Quick reference guide for template declarations Tuesday 29th January 2008

Function templates by example

Your basic template declaration. (No angle brackets after the template name.)

template< class T, class U > T* just_template( U );

Declaration of explicit (full) specialization:

template<> char* just_template< char, int >( int );

Explicit instantiation. (No angle brackets after the template keyword.)

template const char* just_template< const char, double >( double );

Class templates by example

Basic declaration:

template< class T > class YetAnotherTemplate;

Declaration of partial specialization (e.g. for pointer types):

template< class T > class YetAnotherTemplate< T* >;

Declaration of full specialization (for long):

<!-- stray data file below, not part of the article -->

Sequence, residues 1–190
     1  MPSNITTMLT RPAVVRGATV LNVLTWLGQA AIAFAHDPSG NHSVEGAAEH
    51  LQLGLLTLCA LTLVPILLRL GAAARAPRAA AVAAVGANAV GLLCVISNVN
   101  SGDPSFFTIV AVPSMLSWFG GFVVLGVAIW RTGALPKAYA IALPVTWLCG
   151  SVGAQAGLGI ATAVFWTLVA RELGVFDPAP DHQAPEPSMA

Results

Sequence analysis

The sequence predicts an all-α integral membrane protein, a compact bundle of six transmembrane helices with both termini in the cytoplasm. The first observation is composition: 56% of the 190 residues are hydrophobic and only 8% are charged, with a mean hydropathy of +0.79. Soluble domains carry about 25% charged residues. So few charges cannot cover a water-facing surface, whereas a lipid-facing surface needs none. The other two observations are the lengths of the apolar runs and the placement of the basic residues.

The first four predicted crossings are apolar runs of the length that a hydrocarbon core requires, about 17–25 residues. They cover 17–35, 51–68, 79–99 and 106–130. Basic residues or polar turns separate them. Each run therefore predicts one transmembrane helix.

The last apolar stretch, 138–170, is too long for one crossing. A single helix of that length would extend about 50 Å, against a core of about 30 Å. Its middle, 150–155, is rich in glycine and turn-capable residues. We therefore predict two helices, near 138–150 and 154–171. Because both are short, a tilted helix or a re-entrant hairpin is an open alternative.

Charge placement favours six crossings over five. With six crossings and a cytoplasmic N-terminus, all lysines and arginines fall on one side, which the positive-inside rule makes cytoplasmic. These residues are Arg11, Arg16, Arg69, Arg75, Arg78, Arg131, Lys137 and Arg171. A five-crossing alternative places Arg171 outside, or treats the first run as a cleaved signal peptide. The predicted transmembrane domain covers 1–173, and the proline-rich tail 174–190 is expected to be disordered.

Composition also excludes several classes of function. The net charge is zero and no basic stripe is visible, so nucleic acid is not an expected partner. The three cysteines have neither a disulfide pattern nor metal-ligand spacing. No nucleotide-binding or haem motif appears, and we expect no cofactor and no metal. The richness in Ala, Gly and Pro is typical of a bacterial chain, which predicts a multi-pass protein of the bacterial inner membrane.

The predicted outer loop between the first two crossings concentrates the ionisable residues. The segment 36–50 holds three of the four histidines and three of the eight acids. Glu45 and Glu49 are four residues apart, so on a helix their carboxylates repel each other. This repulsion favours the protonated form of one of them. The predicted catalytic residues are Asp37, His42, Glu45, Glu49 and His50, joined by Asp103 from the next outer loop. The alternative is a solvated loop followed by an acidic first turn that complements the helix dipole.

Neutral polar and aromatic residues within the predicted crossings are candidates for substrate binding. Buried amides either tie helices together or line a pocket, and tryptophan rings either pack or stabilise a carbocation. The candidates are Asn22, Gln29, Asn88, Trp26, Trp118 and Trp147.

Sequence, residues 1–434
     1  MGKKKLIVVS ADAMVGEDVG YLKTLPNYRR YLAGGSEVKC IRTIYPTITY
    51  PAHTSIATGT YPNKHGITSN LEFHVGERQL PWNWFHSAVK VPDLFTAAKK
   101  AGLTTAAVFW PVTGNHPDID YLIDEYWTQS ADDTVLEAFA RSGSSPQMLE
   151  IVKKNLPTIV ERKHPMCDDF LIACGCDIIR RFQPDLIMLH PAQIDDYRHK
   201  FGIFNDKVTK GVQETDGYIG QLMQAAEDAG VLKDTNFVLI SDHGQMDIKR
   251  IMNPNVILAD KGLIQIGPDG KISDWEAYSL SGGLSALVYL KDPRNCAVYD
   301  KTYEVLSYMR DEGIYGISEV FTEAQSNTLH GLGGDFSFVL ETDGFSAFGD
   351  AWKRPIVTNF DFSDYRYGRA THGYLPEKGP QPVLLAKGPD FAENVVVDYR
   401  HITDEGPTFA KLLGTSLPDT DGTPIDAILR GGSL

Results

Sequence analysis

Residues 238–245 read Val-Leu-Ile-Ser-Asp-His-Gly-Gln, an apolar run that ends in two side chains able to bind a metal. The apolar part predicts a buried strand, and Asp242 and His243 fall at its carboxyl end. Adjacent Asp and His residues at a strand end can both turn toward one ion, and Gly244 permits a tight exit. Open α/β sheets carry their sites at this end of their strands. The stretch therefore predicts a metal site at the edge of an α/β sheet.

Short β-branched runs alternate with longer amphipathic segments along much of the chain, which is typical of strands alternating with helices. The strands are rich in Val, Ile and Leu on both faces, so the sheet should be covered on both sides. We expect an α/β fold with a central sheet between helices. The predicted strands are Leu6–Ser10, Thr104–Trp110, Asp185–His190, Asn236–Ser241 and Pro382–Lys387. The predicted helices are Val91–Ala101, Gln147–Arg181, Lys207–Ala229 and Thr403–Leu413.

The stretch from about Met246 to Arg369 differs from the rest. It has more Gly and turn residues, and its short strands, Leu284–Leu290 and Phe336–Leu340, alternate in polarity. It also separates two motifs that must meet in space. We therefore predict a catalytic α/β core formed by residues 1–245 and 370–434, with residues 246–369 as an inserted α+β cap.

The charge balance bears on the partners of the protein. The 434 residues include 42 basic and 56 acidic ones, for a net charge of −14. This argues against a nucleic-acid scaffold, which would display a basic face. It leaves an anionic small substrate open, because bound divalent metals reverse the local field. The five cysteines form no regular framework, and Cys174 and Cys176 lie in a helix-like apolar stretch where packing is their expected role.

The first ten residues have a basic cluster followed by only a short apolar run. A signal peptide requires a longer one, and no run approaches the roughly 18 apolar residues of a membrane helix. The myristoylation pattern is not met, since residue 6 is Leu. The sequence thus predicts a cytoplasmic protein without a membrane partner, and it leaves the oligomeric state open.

template<> class YetAnotherTemplate< long >;

Explicit instantiation:

template class YetAnotherTemplate< float >;

You can’t partially specialize function templates. This is a good thing(tm) in my opinion. For a better explanation than I can give, see Sutter’s Mill.

Partial specialization doesn’t necessarily mean fewer template parameters, it really does just mean more specialized.

For a function template specialization you can omit any trailing template arguments that can be deduced; if all template arguments can be deduced you can just use the unadorned template name in the declaration of the specialization.

Similarly, for explicit instantiations of function templates you can just use the template name where the arguments can be deduced.


template< class T > void f( T );

template f( int ); // Explicit instantiation

template<> f( double ); // Declaration of explicit specialization
One Comments
Andy Balaam January 30th, 2008

Maybe function templates are just a bad idea.